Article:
Being Wise With What’s Given To You

I just don’t know how to tell you this… But my hard drive is fried. *sigh* And so I believe it’s just an answer to prayer that when I got to the office this morning and got online to check my email, there was a guest post in my inbox from my sweet friend, Ginny. If you don’t know her, make sure you drop by her site, Make a Difference to One, and say Hi. In the meantime, enjoy this post from her. (And hopefully by Wednesday or Thursday, I’ll have my hard drive replaced.) Here’s Ginny:

One of my daughter’s favorite movies is Ella Enchanted. It’s a Cinderella meets sleeping beauty-type story about a girl who is enchanted with a gift by a fairy after she is born. Ella, played by Anne Hathaway, is given the “gift” of obedience. She has to do whatever she is told. Afraid for Ella’s future, her mother tells Ella to never tell anyone that she has this gift. And of course, Ella has to obey.

At some point, as you can probably guess, there are a few people who figure out her “secret” and take terrible advantage of her. They force her to stay silent, give away things that are important to her, steal, and attempt to take the life of the prince. And she is not allowed to tell anyone about it. In the end, Ella finds it within her to break the enchantment and she is free from the bondage of having to obey everything she is told.

As we grow up, one of the many things we are taught about is obedience. It’s one of the Ten Commandments to “honor your father and mother” which obviously includes obeying. That’s re-emphasized by Paul in his letter to the Ephesians Chapter 6:1-4, that it’s the commandment with a promise. As employees and citizens of the state, we are also called to “respect and obey our leaders.” Those in the military know all about following orders. In a lot of situations, people who don’t follow orders… die.

In the best of situations, we do what our parents tell us to do  because we love them and because we have a healthy fear of them. We do what we are expected to do at work because we respect those who hired us. We follow the laws of our town and country because we all desire a safe and secure way of living.

In a Utopian society, if everyone did the right thing all the time, and never did anything to harm another person, obeying rules and authority would never be an issue. No one would question anyone’s motives, and no one would be in need. But, as Margaret Thatcher is credited with saying, “The problem with Socialism is that eventually you run out of other people’s money.”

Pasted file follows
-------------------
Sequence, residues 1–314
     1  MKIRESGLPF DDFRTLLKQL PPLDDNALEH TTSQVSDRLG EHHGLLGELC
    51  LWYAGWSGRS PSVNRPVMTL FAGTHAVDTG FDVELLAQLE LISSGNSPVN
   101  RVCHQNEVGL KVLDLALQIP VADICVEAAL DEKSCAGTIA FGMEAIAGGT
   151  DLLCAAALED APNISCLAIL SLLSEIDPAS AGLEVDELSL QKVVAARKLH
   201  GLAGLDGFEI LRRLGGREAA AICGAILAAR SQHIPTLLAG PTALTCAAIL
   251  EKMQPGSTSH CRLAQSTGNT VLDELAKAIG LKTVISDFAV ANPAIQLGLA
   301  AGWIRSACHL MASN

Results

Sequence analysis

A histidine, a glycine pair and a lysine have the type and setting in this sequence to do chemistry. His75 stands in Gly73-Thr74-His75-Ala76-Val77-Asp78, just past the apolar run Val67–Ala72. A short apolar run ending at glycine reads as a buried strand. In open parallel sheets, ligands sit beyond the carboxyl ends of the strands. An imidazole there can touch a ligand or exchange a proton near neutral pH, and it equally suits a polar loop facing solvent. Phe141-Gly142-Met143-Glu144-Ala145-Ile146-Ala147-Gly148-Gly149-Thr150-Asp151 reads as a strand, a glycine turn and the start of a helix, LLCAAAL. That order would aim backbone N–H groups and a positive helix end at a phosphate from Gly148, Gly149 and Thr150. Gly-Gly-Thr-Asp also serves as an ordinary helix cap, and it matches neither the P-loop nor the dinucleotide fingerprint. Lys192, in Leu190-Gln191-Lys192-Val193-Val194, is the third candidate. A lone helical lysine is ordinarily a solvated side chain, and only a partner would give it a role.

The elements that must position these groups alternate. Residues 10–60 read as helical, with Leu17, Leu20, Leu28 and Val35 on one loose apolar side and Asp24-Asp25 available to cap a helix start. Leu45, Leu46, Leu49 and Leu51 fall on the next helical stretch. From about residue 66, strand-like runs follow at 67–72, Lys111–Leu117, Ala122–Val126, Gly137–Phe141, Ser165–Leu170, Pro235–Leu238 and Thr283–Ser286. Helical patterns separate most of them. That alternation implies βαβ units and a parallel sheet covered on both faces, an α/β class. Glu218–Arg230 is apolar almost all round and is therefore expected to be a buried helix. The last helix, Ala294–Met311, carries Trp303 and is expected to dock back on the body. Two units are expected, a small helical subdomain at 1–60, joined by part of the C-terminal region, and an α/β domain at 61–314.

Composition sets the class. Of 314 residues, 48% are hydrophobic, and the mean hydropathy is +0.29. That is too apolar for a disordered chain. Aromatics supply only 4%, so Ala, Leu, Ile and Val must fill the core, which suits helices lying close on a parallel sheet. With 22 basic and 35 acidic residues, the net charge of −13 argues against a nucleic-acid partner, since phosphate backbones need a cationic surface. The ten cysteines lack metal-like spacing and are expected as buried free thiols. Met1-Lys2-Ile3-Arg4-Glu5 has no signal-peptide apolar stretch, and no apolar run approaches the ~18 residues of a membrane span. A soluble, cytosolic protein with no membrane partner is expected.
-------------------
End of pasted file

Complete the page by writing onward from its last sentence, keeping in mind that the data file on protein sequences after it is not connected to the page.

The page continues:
Unfortunately, there is no such society on this side of heaven. And even though we want to be able to trust those around us, we are called to “be on the alert.” We need to help those around us who are in need, but in my opinion, we also need to be wise with what has been given to us.

To my knowledge, there is no place where God actually states, “don’t let people take advantage of you.” It would really be helpful, I think, to have more instruction from Him on this issue. He talks a lot about turning the other cheek, and forgiving people 70 times seven times, but at what point has it gone too far?

Let’s take these two verses:

“One man gives freely, yet gains even more; another withholds unduly, but comes to poverty.” (Proverbs 11:24)

“Each man should give what he has decided in his heart to give, not reluctantly or under compulsion, for God loves a cheerful giver.” (2 Corinthians 9:7)

We are told not only to give and give cheerfully, but we are also told to plan it out.

I believe it when we are told, “To whom much is given, much will be expected.” I believe that when we have something that can help someone else, we need to give it to them. But I believe that God wants us to be wise with what we have been given. It’s one of the main reasons charitable organizations have rules about where their money will go and when.

“Give a man a fish, and he will eat for a day, teach a man to fish and he will eat for a lifetime.”